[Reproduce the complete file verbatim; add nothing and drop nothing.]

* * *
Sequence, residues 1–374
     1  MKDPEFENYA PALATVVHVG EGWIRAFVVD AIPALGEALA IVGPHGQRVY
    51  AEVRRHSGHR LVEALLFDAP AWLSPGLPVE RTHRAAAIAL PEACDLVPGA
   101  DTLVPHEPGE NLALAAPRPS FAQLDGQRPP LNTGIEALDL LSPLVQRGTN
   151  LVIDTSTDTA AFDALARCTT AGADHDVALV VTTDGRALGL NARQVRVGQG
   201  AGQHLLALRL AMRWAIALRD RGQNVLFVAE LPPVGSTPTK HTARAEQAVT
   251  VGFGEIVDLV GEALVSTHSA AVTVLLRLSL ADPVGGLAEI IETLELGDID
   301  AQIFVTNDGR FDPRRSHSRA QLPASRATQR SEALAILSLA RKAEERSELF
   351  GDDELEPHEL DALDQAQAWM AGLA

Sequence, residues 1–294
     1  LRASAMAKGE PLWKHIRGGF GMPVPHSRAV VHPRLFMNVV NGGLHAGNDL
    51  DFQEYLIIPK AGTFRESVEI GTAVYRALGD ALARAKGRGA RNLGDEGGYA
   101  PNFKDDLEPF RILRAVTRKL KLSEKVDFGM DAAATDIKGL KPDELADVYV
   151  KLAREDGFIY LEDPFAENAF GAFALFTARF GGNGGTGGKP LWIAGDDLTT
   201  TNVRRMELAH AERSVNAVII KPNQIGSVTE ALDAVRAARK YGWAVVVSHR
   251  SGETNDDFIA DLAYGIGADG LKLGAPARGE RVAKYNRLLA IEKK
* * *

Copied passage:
Sequence, residues 1–374
     1  MKDPEFENYA PALATVVHVG EGWIRAFVVD AIPALGEALA IVGPHGQRVY
    51  AEVRRHSGHR LVEALLFDAP AWLSPGLPVE RTHRAAAIAL PEACDLVPGA
   101  DTLVPHEPGE NLALAAPRPS FAQLDGQRPP LNTGIEALDL LSPLVQRGTN
   151  LVIDTSTDTA AFDALARCTT AGADHDVALV VTTDGRALGL NARQVRVGQG
   201  AGQHLLALRL AMRWAIALRD RGQNVLFVAE LPPVGSTPTK HTARAEQAVT
   251  VGFGEIVDLV GEALVSTHSA AVTVLLRLSL ADPVGGLAEI IETLELGDID
   301  AQIFVTNDGR FDPRRSHSRA QLPASRATQR SEALAILSLA RKAEERSELF
   351  GDDELEPHEL DALDQAQAWM AGLA

Sequence, residues 1–294
     1  LRASAMAKGE PLWKHIRGGF GMPVPHSRAV VHPRLFMNVV NGGLHAGNDL
    51  DFQEYLIIPK AGTFRESVEI GTAVYRALGD ALARAKGRGA RNLGDEGGYA
   101  PNFKDDLEPF RILRAVTRKL KLSEKVDFGM DAAATDIKGL KPDELADVYV
   151  KLAREDGFIY LEDPFAENAF GAFALFTARF GGNGGTGGKP LWIAGDDLTT
   201  TNVRRMELAH AERSVNAVII KPNQIGSVTE ALDAVRAARK YGWAVVVSHR
   251  SGETNDDFIA DLAYGIGADG LKLGAPARGE RVAKYNRLLA IEKK